Aside from the occasional positional challenge where a younger male is trying to rise up in the hierarchy, the behavior of any individual baboon is strictly governed by where he or she sits in the chain of dominance. What this means is that when the alpha male becomes frustrated, he’ll take out his aggression on any of the lower-ranking males and by so doing will induce a cocktail of biochemical changes, the most notable of which will be to increase the amount of GABA in circulation, which has been associated with greater levels of satisfaction in the post-aggression phase as it inhibits neurons associated with discomfort and the arousal of aggression behaviors.

But a mid-ranking male, when frustrated, won’t attempt to take out his aggression on any male who ranks higher in the troop. Mid-ranking males will only seek out baboons who are lower-status and then take out their frustrations on these “safe targets.” The males will then achieve the same increase in the GABA neurotransmitter and experience the same reduction in feelings of anger and frustration as did the alpha male referenced above.

The same pattern of taking out one’s frustrations on those who are socially inferior has been seen across a wide range of species including primates, dogs, rats, and chickens. In the English language we even have a phrase taken from the latter species to encapsulate the phenomenon: the pecking order.

We humans are exactly the same. When we’re frustrated we seek to take out our aggressive feelings on those who exist below our own place in the social hierarchy. We’re hardwired to avoid challenging higher-ranking individuals because for nearly all of our evolutionary history such a course of action would have been very maladaptive.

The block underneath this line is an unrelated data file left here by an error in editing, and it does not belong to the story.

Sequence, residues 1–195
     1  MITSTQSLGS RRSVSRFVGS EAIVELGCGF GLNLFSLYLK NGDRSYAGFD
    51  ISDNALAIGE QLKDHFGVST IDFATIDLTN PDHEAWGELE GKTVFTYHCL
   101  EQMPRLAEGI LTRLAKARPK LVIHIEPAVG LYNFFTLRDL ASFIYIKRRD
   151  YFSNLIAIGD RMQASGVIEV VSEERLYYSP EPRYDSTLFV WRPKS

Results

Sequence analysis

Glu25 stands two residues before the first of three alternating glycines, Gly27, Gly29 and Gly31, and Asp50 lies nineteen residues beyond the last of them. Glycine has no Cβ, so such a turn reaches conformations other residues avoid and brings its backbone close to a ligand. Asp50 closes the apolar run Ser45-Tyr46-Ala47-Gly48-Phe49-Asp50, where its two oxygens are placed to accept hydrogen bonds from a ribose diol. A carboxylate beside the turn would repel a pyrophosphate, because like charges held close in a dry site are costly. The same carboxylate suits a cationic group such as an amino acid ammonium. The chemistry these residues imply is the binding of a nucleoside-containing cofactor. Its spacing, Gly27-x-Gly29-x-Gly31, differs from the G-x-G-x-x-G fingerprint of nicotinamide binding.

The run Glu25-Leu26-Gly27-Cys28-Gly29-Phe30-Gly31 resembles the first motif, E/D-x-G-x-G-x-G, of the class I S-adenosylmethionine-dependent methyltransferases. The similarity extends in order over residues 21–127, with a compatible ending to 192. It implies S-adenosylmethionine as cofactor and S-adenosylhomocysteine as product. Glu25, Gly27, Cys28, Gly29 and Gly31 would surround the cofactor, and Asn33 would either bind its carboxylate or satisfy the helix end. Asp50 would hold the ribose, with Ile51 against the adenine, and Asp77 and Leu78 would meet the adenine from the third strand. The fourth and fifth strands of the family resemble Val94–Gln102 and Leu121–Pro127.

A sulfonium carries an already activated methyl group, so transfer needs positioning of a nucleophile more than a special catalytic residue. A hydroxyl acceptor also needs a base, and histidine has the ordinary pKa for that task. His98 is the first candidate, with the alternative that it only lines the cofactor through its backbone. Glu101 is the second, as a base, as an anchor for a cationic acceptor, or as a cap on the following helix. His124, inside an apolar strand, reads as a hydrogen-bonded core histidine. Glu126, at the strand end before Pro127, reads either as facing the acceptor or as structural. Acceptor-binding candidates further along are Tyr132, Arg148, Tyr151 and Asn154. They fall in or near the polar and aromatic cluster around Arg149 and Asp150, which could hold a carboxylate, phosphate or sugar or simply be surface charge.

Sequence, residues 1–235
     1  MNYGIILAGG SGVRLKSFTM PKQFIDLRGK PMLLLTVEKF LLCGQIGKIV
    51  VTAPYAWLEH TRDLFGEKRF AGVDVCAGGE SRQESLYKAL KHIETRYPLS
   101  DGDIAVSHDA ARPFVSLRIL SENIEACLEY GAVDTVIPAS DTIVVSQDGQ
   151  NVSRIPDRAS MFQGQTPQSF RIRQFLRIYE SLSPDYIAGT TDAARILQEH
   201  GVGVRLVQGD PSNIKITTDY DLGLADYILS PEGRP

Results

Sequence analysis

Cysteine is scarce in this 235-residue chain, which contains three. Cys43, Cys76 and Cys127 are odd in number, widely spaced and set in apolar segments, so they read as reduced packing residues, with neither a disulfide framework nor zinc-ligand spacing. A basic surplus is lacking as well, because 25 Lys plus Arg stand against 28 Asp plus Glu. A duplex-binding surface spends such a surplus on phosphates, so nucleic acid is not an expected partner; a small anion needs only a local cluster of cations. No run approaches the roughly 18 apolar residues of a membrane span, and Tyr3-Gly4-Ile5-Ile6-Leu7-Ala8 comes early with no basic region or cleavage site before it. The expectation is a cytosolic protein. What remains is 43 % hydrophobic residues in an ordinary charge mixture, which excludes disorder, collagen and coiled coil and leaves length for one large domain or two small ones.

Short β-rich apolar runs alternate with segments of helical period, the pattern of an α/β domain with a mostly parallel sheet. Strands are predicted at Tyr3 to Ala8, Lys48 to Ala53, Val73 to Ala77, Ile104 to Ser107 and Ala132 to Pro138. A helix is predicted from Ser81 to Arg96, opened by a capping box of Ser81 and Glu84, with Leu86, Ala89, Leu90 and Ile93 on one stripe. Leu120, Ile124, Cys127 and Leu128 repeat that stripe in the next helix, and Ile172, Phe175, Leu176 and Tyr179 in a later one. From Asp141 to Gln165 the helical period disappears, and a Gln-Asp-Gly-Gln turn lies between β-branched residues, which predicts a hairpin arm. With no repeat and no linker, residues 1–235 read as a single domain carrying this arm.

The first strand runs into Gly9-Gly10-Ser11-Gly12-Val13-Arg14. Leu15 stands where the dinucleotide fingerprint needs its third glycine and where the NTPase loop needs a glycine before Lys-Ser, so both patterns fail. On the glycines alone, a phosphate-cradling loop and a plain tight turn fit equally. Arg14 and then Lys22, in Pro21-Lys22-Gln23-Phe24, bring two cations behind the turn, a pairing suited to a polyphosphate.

It’s not surprising that we’re seeing riots across the USA. The nominal cause is yet another incident of police brutality, a phenomenon sadly all too common across the USA and doubtless one of many relics of the fact the USA was founded on slavery and extreme racism persists across vast swathes of the nation. But examples of lethal police brutality occur on a daily basis and are very often uploaded to social media. So we need to ask why one particular incident has triggered such a dramatic response.

The last few months have seen an unprecedented phenomenon: media-induced mass hysteria about SARS-COV2, otherwise known as covid-19. This global terror, stoked by context-free sensationalist reportage, resulted in politicians embracing all manner of policies the net effect of which was to trigger a second Great Depression. Within a very short period of time around thirty-seven million of the most economically vulnerable US citizens lost their jobs. Many of those jobs will not return. Meanwhile the US government’s bailout mechanisms have been woefully inadequate, resulting in tens of millions not receiving any kind of financial assistance despite the lovely promises made by posturing politicians.